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John AndersonJune 16, 2021
James Martin, S.J., speaks with Christine Leinonen before a talk at St. Ignatius Church in Baltimore, Md., in a scene from "Building a Bridge." Ms. Leinonen's son Drew was murdered in the Pulse Nightclub shooting in Orlando in 2016.

“Nothing converts like stories,” says James Martin, S.J., during “Building a Bridge,” a kind of documentary offspring of Martin’s 2017 book of the same name. That book put him at the epicenter of the conversation about L.G.B.T.Q. Catholics and the church. “When Jesus is asked ‘Who is my neighbor?’” the Jesuit priest tells one congregation in the film, “He doesn’t say ‘Here are the 10 points that make a neighbor.’ He says, ‘A man was going down to Jericho …’”

In the James Martin story, the man was going down into the social-media hellmouth to face off against self-righteous indignation and a bottomless well of vitriol. It is not quite a parable. But it could possibly spark a few conversions.

The directors Evan Mascagni and Shannon Post have taken a tip from Martin—and Jesus—in their briskly paced, somewhat calculating but very loving film, which does not just delve into the issue of gays in the church but into the New York-based priest who has made himself, however reluctantly, the issue’s poster boy. A onetime “corporate tool” and late-inning Jesuit, Martin has attracted the kind of venom among self-proclaimed “true Catholics”—those who seem to believe a more unforgiving and wrathful church would bring people back into it—that only proves the point of his ministry: God is about love. And God’s love is not just about who you love.

“An L.G.B.T. person shouldn’t be surprised to hear they're welcome in the church,” Martin says. But of course, they often are totally shocked.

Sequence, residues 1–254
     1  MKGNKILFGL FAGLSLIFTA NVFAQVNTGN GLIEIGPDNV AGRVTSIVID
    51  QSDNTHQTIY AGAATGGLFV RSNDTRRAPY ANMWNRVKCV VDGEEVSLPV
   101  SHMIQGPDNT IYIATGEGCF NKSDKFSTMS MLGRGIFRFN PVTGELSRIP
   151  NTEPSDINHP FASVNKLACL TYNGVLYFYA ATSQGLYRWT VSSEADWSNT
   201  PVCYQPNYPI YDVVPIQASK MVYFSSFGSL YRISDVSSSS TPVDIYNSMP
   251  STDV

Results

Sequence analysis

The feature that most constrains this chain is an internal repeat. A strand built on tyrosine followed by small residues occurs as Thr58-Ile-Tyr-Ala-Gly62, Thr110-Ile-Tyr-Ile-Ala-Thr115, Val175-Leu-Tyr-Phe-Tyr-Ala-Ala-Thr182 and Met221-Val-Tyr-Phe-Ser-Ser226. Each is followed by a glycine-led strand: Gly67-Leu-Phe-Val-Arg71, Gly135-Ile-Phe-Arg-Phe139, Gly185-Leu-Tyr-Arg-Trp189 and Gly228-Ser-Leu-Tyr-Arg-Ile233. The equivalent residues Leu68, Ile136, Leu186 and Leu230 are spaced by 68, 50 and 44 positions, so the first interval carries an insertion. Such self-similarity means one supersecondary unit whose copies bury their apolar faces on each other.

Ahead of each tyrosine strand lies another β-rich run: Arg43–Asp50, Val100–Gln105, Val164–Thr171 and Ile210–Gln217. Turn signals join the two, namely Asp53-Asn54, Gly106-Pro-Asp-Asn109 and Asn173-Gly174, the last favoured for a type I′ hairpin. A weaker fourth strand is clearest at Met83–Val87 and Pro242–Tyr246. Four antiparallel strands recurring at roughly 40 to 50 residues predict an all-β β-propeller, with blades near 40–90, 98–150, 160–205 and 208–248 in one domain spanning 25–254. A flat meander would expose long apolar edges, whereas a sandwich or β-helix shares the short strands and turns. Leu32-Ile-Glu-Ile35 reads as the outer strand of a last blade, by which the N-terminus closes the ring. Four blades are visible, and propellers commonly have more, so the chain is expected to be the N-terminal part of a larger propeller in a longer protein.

In the interest of full disclosure, I have known James Martin for a number of years, and was grateful to “Building a Bridge” for allowing me to actually spend some time with him. Following its subject from one speaking tour to the other, from churches and homes to the garden he maintains atop the Jesuit residence in Manhattan, the portrait rendered is of a man so at peace with himself he calms the souls of others.

Christine Leinonen, whose son was murdered in the Pulse nightclub massacre in Orlando, Fla. on June 12, 2016 (the event that inspired Martin’s book), says as much after their meeting together in Bethesda, Md. The people who line up to get books signed, or perhaps merely want the “eighth sacrament”—the “sacrament of selfie,” as one Irish Franciscan describes it—seem happy to have heard words about acceptance, charity and tolerance coming from a representative of their faith. “An L.G.B.T. person shouldn’t be surprised to hear they're welcome in the church,” Martin says. But of course, they often are totally shocked.

The unwelcoming are given their share of screen time in “Building a Bridge”—too much, with the result that the documentary seems to lose track of its narrative at certain moments. But that is a filmmaker’s gambit, to give them enough rope to hang themselves: Listening to the likes of Michael Voris of Church Militant long enough, one is guided to the conclusion that their fixation on sex acts says much more about them than about anyone wanting simple acceptance from the Catholic Church. And, by the way, when it comes to making an argument from scripture, the Book of Leviticus is the last refuge of the intellectual scoundrel.

It might be another stratagem, but the people in “Building a Bridge” who want to build a bridge are the happy people in the movie. All editing is selective, but the people lining up to protest Martin’s various public appearances seem profoundly unhappy. The lady complaining about “baby yoga” because the infants are being indoctrinated into Hinduism was my favorite extremist. But there is a selection.

Even these people might want to watch this movie. They might not be converted. But there is a good chance they will feel better. No one will need a degree in theology, or even a familiarity with the film’s subject, to find “Building a Bridge” a thought-provoking experience, and a warmly engaging one.

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